This collection documents the lives of George Harper Prestridge and his wife, Mary Ann Rebecca Frost Prestridge. According to Herman Prestridge Sandford, a descendant of the letter writers, “The letters tell of the love George and Rebecca shared amid the horrors of the Civil War. They reveal the courage and the suffering of the soldiers. They disclose, to a degree not found in history books, the hardship of women, widows in particular, and the sufferings and the joys of the children of those fatherless families.”
George Prestridge, a native of Alabama, married Mary Ann Rebecca Frost on December 19, 1850. Shortly thereafter, a daughter, Elizabeth, was born. According to the letters, George lived in Louisiana until the Civil War started. He joined the Confederate Army in the summer of 1862 and was assigned to a cavalry division under a Colonel Monroe – alternately called Monroe’s Regiment or the First Arkansas Cavalry Regiment. He was killed in March of 1863, less than a year later.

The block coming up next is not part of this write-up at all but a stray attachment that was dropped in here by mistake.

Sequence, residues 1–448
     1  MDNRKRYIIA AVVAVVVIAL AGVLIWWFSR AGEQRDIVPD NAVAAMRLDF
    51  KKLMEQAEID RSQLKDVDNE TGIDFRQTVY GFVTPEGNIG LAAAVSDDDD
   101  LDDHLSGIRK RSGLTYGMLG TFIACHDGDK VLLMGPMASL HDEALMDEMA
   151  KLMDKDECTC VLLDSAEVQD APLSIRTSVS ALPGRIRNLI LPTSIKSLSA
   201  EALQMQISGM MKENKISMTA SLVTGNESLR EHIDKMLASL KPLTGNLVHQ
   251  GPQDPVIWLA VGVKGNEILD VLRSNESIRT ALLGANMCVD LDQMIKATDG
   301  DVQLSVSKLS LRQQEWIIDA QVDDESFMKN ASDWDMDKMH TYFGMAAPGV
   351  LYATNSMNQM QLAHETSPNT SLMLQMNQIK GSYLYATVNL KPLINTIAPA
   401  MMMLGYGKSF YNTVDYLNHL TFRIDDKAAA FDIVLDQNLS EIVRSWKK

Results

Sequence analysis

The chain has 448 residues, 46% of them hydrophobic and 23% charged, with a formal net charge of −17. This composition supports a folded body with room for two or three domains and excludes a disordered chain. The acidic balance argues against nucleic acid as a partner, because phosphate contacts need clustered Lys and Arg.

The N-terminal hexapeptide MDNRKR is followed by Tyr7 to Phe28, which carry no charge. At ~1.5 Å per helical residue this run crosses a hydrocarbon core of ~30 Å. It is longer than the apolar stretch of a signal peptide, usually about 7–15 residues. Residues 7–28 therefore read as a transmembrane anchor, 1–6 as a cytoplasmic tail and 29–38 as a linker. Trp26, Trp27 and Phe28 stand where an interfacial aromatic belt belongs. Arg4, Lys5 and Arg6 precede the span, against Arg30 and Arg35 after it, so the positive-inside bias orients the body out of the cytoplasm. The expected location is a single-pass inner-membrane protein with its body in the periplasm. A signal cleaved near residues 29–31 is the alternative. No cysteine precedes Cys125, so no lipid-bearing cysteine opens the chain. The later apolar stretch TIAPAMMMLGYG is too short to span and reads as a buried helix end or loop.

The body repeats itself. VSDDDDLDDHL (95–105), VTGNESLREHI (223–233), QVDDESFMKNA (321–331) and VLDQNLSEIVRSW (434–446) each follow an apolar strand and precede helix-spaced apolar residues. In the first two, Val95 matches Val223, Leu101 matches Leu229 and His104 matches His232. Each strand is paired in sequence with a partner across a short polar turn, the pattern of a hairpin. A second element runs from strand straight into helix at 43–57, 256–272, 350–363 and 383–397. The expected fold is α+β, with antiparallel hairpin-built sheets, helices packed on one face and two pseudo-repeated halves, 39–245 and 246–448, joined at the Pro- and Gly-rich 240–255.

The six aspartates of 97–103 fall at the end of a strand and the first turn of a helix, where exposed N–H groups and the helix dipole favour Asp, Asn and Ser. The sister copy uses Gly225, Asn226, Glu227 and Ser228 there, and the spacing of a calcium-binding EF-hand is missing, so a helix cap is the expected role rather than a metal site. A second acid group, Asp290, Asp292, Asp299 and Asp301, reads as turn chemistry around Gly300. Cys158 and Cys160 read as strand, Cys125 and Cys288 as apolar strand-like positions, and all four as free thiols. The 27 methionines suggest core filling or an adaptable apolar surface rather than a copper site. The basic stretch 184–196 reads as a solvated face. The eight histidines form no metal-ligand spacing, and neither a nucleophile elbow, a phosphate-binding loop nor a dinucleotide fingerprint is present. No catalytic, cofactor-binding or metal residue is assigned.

The primary sources in this collection include personal letters, ledgers, invoices for services rendered, and an overseer’s contract. Topics addressed include domestic life in the 1850s, marital relationships, life in the South before, during, and after the Civil War, and issues facing widows and orphans.
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